• Completed phase II of the Inventory Project Systems Development Life Cycle documentation for presentation to Corporate auditors next week.
  • Delivered updated project plan for Inventory Project based on negotiated changes approved by the Project Management Office
  • Delivered initial business requirements for Simplified Planning Numbers product using the automated decision engine.

See the difference?

What are your favorite “action verbs?”

  • This post underscores the fact that your boss sees your performance as a series of snapshots, not a movie. You have to take control of the photo album.

  • […] job skills is the foundation for being ready for the next position. Then, every week, we deliver a status report that destroys our personal branding to our manager. We think goals for our performance review don’t mean much because everyone in […]

  • I still think the lowly status report is totally misused in corporations and by the individuals writing them. If we have to do this administrivia stuff — and we do — then let’s turn it into a whopping killer tool to help our career instead of some mundane work we need to do.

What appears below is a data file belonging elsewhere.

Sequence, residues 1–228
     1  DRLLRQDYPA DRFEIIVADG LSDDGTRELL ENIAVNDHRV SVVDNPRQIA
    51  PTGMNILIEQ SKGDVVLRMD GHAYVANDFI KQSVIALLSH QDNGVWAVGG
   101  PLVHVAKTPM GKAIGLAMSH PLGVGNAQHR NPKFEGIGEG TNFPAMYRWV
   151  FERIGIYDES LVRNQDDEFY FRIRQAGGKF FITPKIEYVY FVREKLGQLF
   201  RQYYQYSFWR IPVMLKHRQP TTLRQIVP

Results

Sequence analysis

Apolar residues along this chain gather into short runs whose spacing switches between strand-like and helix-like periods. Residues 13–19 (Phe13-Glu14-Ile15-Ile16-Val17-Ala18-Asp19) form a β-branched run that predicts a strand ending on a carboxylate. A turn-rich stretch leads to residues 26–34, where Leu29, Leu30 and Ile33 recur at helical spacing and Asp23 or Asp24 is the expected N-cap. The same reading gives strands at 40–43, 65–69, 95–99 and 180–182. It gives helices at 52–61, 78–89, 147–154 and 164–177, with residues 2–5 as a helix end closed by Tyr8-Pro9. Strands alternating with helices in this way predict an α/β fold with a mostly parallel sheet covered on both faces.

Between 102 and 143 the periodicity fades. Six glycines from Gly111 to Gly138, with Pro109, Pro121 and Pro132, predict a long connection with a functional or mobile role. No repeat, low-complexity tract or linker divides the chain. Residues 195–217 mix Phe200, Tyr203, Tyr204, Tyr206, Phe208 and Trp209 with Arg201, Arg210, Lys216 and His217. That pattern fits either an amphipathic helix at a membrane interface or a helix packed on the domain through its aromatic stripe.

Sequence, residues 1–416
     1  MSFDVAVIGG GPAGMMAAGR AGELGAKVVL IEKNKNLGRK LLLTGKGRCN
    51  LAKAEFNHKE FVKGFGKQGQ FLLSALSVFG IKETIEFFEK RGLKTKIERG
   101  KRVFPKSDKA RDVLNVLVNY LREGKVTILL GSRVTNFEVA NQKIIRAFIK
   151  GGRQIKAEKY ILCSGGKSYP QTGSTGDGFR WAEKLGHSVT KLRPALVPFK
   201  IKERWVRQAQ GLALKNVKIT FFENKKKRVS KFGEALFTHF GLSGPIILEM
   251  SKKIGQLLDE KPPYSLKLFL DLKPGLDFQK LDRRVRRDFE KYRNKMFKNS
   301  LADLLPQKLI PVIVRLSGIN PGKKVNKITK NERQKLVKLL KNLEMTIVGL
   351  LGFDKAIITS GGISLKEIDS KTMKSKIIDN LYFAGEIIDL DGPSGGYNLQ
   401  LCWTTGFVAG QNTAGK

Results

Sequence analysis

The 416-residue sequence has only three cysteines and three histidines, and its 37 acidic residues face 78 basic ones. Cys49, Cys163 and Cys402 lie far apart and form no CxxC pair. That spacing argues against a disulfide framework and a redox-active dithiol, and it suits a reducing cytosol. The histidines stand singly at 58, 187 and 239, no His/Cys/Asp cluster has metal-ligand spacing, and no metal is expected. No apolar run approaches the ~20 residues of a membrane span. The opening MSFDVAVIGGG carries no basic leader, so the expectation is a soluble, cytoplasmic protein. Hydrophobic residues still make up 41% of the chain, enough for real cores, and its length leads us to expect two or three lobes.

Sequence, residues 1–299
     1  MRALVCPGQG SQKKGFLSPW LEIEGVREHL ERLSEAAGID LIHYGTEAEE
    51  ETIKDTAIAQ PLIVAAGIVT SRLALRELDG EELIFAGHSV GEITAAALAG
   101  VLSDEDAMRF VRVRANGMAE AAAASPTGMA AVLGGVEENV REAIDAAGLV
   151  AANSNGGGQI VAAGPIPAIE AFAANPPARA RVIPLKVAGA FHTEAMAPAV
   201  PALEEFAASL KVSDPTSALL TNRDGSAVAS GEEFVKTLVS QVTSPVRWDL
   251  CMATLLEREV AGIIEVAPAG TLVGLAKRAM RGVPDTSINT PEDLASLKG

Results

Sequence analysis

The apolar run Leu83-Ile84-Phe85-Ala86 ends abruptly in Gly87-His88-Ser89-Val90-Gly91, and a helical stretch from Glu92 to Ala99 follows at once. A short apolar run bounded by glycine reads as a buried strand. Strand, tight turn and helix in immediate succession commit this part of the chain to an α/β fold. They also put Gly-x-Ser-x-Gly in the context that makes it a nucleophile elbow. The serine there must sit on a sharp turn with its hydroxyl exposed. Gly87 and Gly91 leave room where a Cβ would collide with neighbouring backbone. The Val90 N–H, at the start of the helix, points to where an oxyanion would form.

• Anonymous says:

    Thanks for this post Scot – exactly the boost I needed to turn transform my dread of weekly reporting into inspiration!

  • My favorite action verbs are: Developed, Implemented, and Completed. Those are the ones that feel good to say/write!

  • Scot Herrick says:

    Robyn has another great way of describing what was done by you for the business. It’s a good one to add.

    David adds two good ones: Contributed and Co-created.

    “Contributed twelve ideas to how to reduce returns from the customer. Will test three of these ideas in a pilot project.”

    “Co-created three process improvement pilots to reduce returns from our customers with the returns team.”

    I’m so happy we don’t have Corporate Speak in these great comments…

  • I love the action of a verb and contributed is good to me as is co-created in the age of conversations.

  • Loved this post; especially the before and after. “Delivered” is one of my favorite actions words as well. A favorite phrase: “revised x to reduce y for a n% improvement in -“